The casino’s owners, Skycity Entertainment Group, said today the company had decided to go ahead with the project after reaching agreement with the State Government, with construction to start early next year.
Group chief executive Graeme Stephens said Skycity had decided to increase the number of hotel rooms in the proposed development from 89 to 123, which would add an additional twelfth floor to the “the most luxurious hotel in Adelaide”.
“We believe there is demand for more quality hotel rooms in Adelaide from both domestic and international visitors. This provides a better-balanced product while also helping South Australia realise its full potential as a premium tourist destination,’’ Stephens said in a statement.
Skycity would spend some of the allocated budget to remodel the existing Adelaide Casino building in the historic Railway Station to match the new development, “while protecting its special character which will remain intact”.
Construction work will begin in early 2018, Skycity said, with completion expected by the third quarter in 2020.
The expansion has been the subject of negotiations between the State Government and Skycity for years, with the development mooted by the Government as a key part of the Riverbank rejuvenation.
Work is underway on the adjacent Festival Centre precinct, including the tired plaza area which will be completely transformed.
Premier Jay Weatherill said in a statement released by Skycity that the redevelopment was a “welcome investment in the state”.
“We look forward to offering both locals and tourists the opportunity to enjoy a world class entertainment precinct,” he said.
Adelaide Casino general manager Luke Walker said the development would create 800 jobs when complete and up to 1000 jobs during construction.
“I’m delighted Adelaide Casino will be joining the redevelopment of the Festival Plaza, which alongside the Adelaide Oval, the new Convention Centre, the upgraded Festival Centre, and the rest of the Riverbank Precinct will create a stunning entertainment space in the heart of the city.’’
South Australian Senator Nick Xenophon said the expansion was bad news for problem gamblers, small retail and hospitality businesses.
“They’re the ones who will be paying for this so-called riverbank showpiece,” he said. “But this expansion is going to be a misery magnet for gambling addicts.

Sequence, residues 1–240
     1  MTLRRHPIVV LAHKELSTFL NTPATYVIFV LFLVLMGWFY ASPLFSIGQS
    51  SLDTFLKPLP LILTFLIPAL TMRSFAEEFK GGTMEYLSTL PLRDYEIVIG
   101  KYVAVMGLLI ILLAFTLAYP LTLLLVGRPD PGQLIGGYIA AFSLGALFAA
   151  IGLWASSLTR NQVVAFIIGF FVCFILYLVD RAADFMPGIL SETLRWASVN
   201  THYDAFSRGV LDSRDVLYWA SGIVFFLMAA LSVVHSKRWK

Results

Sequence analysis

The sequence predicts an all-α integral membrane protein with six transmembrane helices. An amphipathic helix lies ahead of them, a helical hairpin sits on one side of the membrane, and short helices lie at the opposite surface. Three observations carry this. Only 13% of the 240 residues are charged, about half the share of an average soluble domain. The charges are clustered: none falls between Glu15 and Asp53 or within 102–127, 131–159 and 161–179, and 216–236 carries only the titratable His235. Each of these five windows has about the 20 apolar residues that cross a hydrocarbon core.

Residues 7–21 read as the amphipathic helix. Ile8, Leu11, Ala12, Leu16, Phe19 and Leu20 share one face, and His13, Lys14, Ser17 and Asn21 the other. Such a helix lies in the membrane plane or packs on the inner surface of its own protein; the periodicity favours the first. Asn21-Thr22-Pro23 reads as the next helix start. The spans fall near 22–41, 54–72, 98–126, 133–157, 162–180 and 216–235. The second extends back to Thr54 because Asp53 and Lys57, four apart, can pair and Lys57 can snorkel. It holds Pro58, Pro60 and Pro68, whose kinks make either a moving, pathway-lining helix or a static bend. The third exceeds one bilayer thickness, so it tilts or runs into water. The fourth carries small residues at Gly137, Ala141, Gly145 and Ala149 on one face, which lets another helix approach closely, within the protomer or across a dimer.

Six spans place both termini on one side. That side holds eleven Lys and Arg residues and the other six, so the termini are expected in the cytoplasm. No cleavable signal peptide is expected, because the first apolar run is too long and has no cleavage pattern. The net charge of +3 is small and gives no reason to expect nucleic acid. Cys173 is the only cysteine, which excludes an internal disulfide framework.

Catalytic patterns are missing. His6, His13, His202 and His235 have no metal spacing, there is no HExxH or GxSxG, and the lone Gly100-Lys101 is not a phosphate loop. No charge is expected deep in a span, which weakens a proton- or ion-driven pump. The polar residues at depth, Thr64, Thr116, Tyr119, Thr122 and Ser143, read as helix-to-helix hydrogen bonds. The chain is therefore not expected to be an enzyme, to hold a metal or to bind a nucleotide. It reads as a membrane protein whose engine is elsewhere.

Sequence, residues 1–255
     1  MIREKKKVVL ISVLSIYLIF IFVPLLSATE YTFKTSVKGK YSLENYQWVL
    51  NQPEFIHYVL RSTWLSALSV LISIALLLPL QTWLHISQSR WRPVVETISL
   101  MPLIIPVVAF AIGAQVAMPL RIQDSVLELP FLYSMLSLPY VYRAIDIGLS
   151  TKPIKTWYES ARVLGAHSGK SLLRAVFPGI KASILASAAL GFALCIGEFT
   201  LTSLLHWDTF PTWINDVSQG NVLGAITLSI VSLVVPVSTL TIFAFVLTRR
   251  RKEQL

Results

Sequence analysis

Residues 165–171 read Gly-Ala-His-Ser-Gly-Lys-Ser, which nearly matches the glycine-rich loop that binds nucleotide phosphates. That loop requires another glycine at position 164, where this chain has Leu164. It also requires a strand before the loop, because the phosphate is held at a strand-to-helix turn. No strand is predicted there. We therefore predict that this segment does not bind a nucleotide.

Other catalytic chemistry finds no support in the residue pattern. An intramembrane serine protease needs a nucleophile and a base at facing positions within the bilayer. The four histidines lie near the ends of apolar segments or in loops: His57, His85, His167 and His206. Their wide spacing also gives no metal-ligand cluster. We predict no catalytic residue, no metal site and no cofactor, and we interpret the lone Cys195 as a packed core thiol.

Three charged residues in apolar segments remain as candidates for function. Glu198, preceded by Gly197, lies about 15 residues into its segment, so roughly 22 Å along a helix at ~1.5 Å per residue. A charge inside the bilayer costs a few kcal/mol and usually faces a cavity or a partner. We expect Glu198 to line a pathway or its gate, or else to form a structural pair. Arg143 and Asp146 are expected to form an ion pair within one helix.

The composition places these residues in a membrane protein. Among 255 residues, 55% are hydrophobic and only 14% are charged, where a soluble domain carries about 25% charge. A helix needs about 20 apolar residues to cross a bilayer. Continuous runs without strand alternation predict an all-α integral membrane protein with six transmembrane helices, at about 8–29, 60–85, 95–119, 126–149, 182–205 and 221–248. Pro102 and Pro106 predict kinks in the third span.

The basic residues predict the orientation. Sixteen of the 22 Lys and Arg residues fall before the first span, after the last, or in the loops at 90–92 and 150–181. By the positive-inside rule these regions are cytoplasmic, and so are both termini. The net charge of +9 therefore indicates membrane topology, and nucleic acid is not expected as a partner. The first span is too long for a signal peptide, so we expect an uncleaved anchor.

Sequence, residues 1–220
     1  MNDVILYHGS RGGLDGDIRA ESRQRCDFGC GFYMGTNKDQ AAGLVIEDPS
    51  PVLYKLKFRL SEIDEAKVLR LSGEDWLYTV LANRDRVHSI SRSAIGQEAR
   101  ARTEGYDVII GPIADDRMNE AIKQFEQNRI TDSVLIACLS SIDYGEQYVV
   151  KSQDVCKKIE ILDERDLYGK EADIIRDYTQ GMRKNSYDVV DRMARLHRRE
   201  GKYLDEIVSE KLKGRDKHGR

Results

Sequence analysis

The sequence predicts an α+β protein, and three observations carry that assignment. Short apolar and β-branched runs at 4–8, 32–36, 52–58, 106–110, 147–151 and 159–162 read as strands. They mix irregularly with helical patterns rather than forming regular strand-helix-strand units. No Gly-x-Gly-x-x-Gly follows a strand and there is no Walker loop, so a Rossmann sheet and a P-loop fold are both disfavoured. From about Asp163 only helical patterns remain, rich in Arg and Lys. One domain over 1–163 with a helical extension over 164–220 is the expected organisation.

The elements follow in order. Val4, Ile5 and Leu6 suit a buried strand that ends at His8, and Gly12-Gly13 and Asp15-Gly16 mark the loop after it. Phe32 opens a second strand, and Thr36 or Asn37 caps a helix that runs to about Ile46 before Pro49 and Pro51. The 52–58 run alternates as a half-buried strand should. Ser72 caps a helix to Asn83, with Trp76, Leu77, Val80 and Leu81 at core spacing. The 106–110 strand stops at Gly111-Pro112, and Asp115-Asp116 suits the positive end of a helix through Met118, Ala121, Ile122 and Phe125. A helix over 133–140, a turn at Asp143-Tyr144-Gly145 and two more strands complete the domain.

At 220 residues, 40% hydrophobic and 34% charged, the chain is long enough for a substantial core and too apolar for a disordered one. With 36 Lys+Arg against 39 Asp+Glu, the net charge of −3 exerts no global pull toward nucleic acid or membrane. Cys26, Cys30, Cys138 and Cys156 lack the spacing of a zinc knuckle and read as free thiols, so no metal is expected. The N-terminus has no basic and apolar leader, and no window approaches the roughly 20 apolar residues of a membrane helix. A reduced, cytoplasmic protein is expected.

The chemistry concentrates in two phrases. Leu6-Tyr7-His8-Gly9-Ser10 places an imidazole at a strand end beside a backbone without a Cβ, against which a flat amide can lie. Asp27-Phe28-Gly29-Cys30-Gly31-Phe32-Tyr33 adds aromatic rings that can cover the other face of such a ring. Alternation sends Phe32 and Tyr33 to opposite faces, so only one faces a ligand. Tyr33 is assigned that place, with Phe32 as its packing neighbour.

“It’s also going to suck money out of small retailers and hospitality businesses in the city and metropolitan area who are already struggling.”
He said the expansion would lead to increased gambling ” and I fear it will spark a promotions war with suburban hotel poker machine operators who will be desperate to maintain their market share”.
In less positive news for SkyCity today, the group announced it would write off all the goodwill in its Darwin casino complex with an $A95 million ($NZ102m) impairment, saying increased competition for gaming machines in the Northern Territory hurt revenue and earnings.
The non-cash impairment will be recognised in the Auckland-based casino and hotel group’s results for the year ended June 30 and will reduce the book value of the Darwin property to $A195m, it said.
The impairment amounts to the full value of goodwill recognised when SkyCity acquired the Darwin property in 2004 and was the result of a Northern Territory government decision to free up restrictions on gaming machines, it said.
“Since the implementation of that policy in July 2015 there has been a 75 per cent increase in the number of gaming machines in Darwin (outside of the casino),” the group said in a statement. “This significant increase in competing gaming machines in the catchment area of the casino has consequently had an increasingly adverse impact on revenue and earnings.”
It was reviewing strategic opportunities to maximise value from the Darwin property.
The impairment won’t affect SkyCity’s final 2017 dividend payment and wasn’t expected to impact the company’s BBB- credit rating at Standard & Poor’s, it said.
– with AAP
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